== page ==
Why do Southerners act the way they do, talk the way they do, treat hikers SO KINDLY - and do things so slowly? Perhaps not even the most learned scholars of Southern culture can answer these questions with certainty , but the fact remains that Southerners are known for their hospitable treatment of visitors and friends, their slow pace of life, their manner of talking, and their delicious style of cooking. Although few can explain the Southern hospitality phenomena, few would deny its existence. It is common in areas such as HIawassee, Georgia (location of the Top of Georgia Hiking Center) to hear a visitor from another state or country remark that Southern hospitality is truly alive and well today.
For example, after the 1996 Olympic Games were held in Atlanta, Georgia, even after media reports of traffic congestion and scheduling problems, visitors to Atlanta could be overheard marveling at hospitable acts from Native Georgians rather than complaining about the crowds or the heat. One man was overheard recounting the tale of an Atlanta resident loaning his cellular phone to someone in the crowded desperate need to contact the rest of his party. Another was heard boasting of a young woman allowing a family with small children to board the already crowded MARTA( Atlanta mass transit) train ahead of her. Although these examples of Southern hospitality boast a modern age twist of mobile phones and mass transit systems, Southern hospitality is not a myth perpetrated by the Hollywood version of life in the South- it is a reality and a way of life for most Southerners.
Some speculate that this way of life (and it is a way of life, not merely an attitude to exhibit on special occasions or for special company) is a function of the Southern colonies traditionally being more rural and agricultural. In rural societies people had to travel quite a distance to visit with one another and stayed for a while once they arrived at their destination.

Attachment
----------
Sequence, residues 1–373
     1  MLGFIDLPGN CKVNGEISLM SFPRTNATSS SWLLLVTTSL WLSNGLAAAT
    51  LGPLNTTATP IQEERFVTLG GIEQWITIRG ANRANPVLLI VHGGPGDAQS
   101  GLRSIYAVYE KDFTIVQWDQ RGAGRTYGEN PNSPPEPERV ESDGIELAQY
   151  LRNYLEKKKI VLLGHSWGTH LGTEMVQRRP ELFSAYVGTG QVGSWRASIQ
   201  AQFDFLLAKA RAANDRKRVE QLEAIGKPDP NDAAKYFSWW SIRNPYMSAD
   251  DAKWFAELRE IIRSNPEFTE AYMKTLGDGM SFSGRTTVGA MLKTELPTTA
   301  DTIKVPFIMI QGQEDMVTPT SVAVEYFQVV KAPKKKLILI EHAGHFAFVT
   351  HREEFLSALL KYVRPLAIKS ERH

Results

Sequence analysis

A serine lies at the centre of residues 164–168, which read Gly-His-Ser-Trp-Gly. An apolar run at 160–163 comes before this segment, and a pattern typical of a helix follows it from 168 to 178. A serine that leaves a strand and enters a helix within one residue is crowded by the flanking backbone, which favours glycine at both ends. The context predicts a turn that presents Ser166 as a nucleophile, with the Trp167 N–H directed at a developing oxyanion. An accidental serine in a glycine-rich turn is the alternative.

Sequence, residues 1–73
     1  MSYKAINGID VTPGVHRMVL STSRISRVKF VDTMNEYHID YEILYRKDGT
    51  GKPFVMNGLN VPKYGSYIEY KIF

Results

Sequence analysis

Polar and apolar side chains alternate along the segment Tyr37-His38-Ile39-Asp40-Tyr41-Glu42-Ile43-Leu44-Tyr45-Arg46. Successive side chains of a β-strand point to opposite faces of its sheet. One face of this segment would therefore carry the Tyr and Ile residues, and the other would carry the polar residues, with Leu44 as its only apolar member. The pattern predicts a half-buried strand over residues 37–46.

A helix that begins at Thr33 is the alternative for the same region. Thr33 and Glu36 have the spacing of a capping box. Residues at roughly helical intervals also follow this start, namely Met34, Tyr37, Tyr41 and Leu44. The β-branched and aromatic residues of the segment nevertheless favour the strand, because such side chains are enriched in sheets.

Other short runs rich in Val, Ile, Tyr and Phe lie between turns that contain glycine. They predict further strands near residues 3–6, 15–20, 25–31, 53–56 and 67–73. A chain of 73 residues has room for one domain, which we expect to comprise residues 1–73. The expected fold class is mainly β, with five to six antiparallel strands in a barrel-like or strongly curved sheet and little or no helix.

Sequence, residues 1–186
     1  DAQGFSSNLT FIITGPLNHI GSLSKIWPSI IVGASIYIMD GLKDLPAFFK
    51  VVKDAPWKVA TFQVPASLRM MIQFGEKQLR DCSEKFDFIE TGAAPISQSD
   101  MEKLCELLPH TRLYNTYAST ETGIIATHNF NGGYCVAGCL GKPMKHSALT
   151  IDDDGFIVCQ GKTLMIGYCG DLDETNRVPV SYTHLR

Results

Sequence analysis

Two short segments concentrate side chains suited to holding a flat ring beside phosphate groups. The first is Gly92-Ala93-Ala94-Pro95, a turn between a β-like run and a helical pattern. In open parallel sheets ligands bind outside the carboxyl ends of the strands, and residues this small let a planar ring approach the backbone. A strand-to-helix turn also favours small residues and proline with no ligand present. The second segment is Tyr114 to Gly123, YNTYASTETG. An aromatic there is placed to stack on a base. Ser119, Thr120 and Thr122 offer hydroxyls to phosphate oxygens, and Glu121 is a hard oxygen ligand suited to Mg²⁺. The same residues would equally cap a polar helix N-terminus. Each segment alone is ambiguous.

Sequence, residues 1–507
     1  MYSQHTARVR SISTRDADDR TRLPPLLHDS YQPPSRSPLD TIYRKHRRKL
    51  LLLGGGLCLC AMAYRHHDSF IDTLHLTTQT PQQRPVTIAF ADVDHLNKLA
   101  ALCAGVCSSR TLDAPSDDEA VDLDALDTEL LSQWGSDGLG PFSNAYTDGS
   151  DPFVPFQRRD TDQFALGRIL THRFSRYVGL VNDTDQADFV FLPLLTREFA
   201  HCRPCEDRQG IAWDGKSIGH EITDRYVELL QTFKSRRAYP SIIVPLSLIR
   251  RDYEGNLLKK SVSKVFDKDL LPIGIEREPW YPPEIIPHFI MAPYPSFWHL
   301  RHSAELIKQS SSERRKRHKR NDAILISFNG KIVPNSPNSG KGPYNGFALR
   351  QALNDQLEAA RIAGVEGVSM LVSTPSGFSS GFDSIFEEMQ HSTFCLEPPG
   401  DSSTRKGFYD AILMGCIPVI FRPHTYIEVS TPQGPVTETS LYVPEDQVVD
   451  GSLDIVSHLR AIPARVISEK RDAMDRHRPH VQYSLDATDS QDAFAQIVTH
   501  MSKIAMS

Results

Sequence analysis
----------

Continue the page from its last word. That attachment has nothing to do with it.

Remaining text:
Others speculate that the impeccable manners of Southern inhabitants were simply passed down from the original settlers of the area, chiefly the English and the French, two cultures known for their code of manners. English colonists began the establishment of Jamestown in 1607, which eventually came to be called Charleston. Not long after this, the Low Country was Settled by immigrants from Barbados and the French Huguenots.
The hospitality and manners of the Old South are alive and well in the modern day southern Appalachian mountains. For example, studies have shown that most Southern parents teach their children to address adults as “Ma am” and Sir.” In addition, studies have also shown that helpful behaviors are more frequent in the South.
Most Southerners and visitors to the southern Appalachian mountains, however, do not need a poll or an empirical study to tell them that hospitality and helpfulness are a natural part of the Southern experience. The comments overheard from those visiting from other regions testify to the surprising fact that friendliness and openness pervade the behavior of Southerners - whether it is the act of holding the door open for someone, taking food to the family of one who is sick or in the hospital, or the modern day kindness of lending someone your cellular phone. To experience this kindness is to experience the South.
A characteristically southern Appalachian mountains trait that goes hand-in hand with hospitality is the trademark slower pace for which the South is known. To experience the South is to experience a pace of life which is less frenetic, patterns of speech which are more melodic, and attitudes which are more relaxed. This slow pace seems to lend itself to the attitude of hospitality : if you are not always in a hurry, you are more likely to offer someone a cold drink, to invite someone to visit awhile, or to pick up someone’s dropped pencil and return it.
Although the pace of life in the South may indeed be slower, Southerners would no doubt emphasize that this slower pace does not mean that they do not work as hard as those in other regions. Harper Lee, author of TO Kill A Mocking Bird, explained away the perception that because Southerners do not move as quickly that they do not work as hard by stating, “We work hard, of course, but we do it in a different way. We work hard in order not to work. Any time spent on business is more or less wasted, but you have to do it in order to be able to hunt and fish and gossip.”.
Most everyone would agree that Southerners have speech patterns and vocabulary peculiar to the south. Not only do Southerners use different words, but they pronounce the same words differently. For example , Southerners frequently omit the r sound when it follows a vowel, so pardon becomes “pahden” and butter becomes “buddah”. Mark twain remarked that “the educated Southerner has on use for an r except at the beginning of a word.
SOUTHERN APPALACHIAN HOSPITALITY is a priceless experience that almost all AT hikers (thru / section / day) remember. Most of us are only recently "adopted" southerners here at the TOP OF GEORGIA HIKING CENTER - but If you haven't tasted this type of treatment - we provide a fair facsimile - AND - it certainly oozes out of our local area :) ! Come by the Top of Georgia Hiking Center and experience a taste of it
Posted on 7/18/2016 at 8:00:00 PM